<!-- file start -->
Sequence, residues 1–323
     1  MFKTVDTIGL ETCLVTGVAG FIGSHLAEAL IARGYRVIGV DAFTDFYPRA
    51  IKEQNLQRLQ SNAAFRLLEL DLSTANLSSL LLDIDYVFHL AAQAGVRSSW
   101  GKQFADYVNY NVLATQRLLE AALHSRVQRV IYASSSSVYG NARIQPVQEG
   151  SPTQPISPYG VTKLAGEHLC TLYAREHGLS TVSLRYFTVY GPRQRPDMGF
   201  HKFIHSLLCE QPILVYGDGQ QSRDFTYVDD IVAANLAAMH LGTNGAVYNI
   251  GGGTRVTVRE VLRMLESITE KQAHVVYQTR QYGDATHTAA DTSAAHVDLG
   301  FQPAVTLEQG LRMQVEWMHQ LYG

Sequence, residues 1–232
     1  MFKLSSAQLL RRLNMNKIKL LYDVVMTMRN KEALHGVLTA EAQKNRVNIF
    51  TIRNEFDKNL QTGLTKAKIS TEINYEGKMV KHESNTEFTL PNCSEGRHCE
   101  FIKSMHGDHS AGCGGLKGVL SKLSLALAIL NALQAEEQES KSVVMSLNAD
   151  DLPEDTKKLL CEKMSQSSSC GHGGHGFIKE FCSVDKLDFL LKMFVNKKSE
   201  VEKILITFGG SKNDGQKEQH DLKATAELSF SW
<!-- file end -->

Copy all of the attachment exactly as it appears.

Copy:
Sequence, residues 1–323
     1  MFKTVDTIGL ETCLVTGVAG FIGSHLAEAL IARGYRVIGV DAFTDFYPRA
    51  IKEQNLQRLQ SNAAFRLLEL DLSTANLSSL LLDIDYVFHL AAQAGVRSSW
   101  GKQFADYVNY NVLATQRLLE AALHSRVQRV IYASSSSVYG NARIQPVQEG
   151  SPTQPISPYG VTKLAGEHLC TLYAREHGLS TVSLRYFTVY GPRQRPDMGF
   201  HKFIHSLLCE QPILVYGDGQ QSRDFTYVDD IVAANLAAMH LGTNGAVYNI
   251  GGGTRVTVRE VLRMLESITE KQAHVVYQTR QYGDATHTAA DTSAAHVDLG
   301  FQPAVTLEQG LRMQVEWMHQ LYG

Sequence, residues 1–232
     1  MFKLSSAQLL RRLNMNKIKL LYDVVMTMRN KEALHGVLTA EAQKNRVNIF
    51  TIRNEFDKNL QTGLTKAKIS TEINYEGKMV KHESNTEFTL PNCSEGRHCE
   101  FIKSMHGDHS AGCGGLKGVL SKLSLALAIL NALQAEEQES KSVVMSLNAD
   151  DLPEDTKKLL CEKMSQSSSC GHGGHGFIKE FCSVDKLDFL LKMFVNKKSE
   201  VEKILITFGG SKNDGQKEQH DLKATAELSF SW